Deloitte’s Michael Kearney stresses corporate need to boost risk management
A small but growing number of non-financial services companies are appointing chief risk officers (CROs) and giving them direct access to their boards, industry professionals say.
Michael Kearney, partner with Deloitte Risk and Financial Advisory, estimates that between 5 percent and 10 percent of non-financial services firms now have a CRO (or equivalent top official who may not have the CRO title) to oversee their risk-management efforts. The trend is driven by a number of factors, Kearney tells Corporate Secretary. For example, a company may choose to make the change in response to a crisis, he says.
Many companies also have a sense that they could handle risk management better without increasing the amount they spend on it. These costs may be spread between departments such as IT, compliance, legal and internal audit. This can lead to work being isolated in so-called silos, creating inefficiencies, Kearney says. As such, he adds, companies may want to take a more strategic approach to risk as part of their efforts to grow.
Looking forward, Kearney predicts that the trend toward more CROs or their equivalents will continue. The growing complexity and dangers presented by the world are such that ‘the need for elevating risk management in a company is at an all-time high,’ he says.
All CROs in Kearney’s experience have a direct or dotted reporting line to the board and/or the audit committee, and quarterly engagement at board meetings is common. Access to the CEO has also become more common over the past two years, he says.
At the same time, there is a lack of consistency in who reports to the CRO, according to Kearney, who adds that there continues to be debate over whether internal audit should report to the head of risk. Others who may report into the CRO include the chief compliance officer (CCO) and chief information security officer.
Kearney says the challenges facing CROs when they are appointed include:
- Defining what they do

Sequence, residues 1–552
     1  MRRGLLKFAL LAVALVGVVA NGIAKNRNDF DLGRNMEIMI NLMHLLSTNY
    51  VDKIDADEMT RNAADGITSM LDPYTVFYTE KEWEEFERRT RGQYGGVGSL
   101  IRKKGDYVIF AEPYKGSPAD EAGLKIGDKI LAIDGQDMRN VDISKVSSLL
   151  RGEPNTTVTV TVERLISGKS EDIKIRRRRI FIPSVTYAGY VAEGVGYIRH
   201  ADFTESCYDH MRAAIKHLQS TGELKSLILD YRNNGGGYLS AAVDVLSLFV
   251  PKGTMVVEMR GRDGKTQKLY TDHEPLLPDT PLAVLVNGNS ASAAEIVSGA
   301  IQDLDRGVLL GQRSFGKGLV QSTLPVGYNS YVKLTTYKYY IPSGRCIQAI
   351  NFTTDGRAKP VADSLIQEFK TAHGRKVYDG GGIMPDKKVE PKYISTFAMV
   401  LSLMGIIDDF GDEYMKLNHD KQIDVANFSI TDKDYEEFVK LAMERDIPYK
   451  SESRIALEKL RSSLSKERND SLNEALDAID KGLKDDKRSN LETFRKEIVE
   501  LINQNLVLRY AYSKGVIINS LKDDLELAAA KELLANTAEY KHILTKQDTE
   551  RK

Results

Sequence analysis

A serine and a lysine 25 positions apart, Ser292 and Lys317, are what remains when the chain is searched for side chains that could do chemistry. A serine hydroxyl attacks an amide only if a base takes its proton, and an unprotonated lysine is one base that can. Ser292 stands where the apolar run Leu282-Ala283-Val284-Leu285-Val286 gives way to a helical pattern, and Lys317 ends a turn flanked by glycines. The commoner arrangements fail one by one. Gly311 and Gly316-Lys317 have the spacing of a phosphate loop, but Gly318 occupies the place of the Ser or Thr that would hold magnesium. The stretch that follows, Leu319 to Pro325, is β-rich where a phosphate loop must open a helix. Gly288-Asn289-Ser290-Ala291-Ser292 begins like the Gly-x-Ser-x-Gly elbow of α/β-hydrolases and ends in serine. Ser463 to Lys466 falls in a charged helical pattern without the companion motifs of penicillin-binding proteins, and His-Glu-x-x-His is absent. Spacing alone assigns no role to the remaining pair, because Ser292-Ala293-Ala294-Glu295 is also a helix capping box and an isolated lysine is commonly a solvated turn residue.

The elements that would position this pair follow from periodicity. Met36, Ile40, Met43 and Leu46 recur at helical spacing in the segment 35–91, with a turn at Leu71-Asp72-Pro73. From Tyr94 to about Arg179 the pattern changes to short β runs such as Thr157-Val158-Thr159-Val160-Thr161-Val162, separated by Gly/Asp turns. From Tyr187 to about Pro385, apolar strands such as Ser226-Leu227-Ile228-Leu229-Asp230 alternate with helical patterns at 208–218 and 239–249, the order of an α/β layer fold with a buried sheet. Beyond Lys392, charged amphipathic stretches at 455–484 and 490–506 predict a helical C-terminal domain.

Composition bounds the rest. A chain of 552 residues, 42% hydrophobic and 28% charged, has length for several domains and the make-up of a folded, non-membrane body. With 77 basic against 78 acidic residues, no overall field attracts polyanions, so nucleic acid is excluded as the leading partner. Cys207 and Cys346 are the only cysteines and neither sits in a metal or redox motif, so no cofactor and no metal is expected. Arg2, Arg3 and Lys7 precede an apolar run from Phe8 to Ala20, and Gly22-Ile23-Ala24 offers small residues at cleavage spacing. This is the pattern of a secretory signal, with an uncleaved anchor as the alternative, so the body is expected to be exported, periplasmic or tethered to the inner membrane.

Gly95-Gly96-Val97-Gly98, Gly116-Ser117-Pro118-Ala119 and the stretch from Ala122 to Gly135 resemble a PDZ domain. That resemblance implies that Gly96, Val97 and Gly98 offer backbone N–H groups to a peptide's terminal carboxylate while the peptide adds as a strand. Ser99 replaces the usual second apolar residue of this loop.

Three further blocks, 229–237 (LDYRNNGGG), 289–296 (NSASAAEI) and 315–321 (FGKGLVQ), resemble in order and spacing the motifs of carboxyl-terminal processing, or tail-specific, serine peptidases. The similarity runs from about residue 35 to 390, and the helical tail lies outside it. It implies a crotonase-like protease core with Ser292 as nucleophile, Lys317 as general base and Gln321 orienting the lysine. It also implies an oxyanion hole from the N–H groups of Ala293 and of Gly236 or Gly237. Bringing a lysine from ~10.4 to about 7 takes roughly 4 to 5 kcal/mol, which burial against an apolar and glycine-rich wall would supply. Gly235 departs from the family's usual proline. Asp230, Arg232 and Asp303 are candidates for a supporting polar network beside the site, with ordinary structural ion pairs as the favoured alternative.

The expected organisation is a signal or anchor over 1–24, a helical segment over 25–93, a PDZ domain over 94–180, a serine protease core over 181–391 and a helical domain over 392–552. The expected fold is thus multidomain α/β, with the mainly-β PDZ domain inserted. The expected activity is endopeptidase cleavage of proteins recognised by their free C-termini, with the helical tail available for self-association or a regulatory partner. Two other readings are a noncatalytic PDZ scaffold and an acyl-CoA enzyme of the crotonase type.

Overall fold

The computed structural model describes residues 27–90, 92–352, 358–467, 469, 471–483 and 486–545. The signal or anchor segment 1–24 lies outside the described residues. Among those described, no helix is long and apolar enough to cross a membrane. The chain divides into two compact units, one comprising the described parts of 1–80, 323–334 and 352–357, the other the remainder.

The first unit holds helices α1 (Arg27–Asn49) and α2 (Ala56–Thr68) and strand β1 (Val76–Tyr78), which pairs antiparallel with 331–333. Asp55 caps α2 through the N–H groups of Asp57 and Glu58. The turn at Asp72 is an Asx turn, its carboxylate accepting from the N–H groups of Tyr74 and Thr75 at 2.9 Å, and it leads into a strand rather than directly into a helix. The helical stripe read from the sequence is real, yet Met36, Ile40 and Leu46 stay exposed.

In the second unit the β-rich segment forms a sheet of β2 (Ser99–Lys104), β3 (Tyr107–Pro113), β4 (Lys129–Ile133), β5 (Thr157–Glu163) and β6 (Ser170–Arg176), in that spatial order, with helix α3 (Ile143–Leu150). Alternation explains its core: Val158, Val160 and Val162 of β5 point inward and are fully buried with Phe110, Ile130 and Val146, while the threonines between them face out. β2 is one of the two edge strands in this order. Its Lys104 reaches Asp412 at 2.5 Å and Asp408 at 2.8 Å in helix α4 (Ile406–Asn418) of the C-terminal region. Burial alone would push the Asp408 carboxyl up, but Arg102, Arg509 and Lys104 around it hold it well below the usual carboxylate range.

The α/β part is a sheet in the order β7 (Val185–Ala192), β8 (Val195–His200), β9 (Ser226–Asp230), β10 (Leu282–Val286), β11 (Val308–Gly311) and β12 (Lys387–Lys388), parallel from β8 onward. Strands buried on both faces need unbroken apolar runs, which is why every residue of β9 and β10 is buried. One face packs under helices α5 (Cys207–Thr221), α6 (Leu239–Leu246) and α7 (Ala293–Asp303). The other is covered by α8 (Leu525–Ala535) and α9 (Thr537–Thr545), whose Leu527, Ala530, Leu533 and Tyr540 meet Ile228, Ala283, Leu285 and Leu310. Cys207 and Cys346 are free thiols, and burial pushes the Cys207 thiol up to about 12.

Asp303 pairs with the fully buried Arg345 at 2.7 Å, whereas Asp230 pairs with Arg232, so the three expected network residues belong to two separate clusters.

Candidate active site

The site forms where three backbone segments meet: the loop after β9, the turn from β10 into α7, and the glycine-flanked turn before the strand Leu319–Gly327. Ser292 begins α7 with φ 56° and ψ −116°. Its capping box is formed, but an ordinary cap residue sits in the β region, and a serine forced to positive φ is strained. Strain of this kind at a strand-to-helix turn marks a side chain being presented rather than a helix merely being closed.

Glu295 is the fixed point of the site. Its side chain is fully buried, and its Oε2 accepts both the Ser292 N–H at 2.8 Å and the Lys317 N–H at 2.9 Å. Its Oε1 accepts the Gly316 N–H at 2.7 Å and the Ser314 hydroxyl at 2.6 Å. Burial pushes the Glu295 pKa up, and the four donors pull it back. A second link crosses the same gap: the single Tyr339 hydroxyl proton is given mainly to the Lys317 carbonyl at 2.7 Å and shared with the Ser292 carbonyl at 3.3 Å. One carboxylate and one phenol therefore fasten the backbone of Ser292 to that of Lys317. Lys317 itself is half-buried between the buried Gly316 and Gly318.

- Educating the executive team on what risk management can achieve
- Clarifying how risk is positioned within the company. ‘If you don’t get that right, you don’t pass go,’ Kearney says
- Ensuring they have the right people and the right operating model
- Breaking down silos between, for example, compliance and internal audit, so that they don’t keep asking the business the same questions.
One company that’s taken steps to beef up risk management is Target. The retailer in late 2014 hired Jackie Rice as CRO and CCO to report to board chairman and CEO Brian Cornell. In doing so, the company elevated the post to include centralized oversight of enterprise risk management, compliance, vendor management and corporate security under Rice.
Target had earlier that year announced it was overhauling information security and compliance, including looking for outside leaders in those areas. The company had been hit by a major cyber-security breach in December 2013.
Some of the key changes that came into effect when Rice was hired included:
- Having the position report to the CEO and the board
- Creating a board committee on risk and compliance
- Bringing vendor management under risk and compliance
- Moving second-line functions into risk and compliance.
In addition, one of the first changes she implemented when she joined Target was to assign ‘business risk champions’ – employees who can act as ambassadors for the risk function within the business.
‘Bringing risk and compliance under the same leader is very effective. It helps avoid ‘death by 1,000 cuts’ when dealing with the business,’ Rice tells Corporate Secretary. Looking at the more general move toward more companies having risk chiefs, she adds: ‘It’s becoming a good business practice to have a CRO, whether you’re in a highly regulated industry or not.’
Over recent months, the company has further consolidated its risk approach by integrating Rice’s team into legal, she says. Her reporting line is now to chief legal officer and corporate secretary Don Liu. Combining the teams is designed to ensure they use a consistent language on risk and to ensure issues are escalated, according to Rice.
She has four scheduled meetings a year with the risk and compliance committee, and more as deemed necessary. In addition, she attends a joint meeting once a year between the risk and compliance committee and audit and finance committee.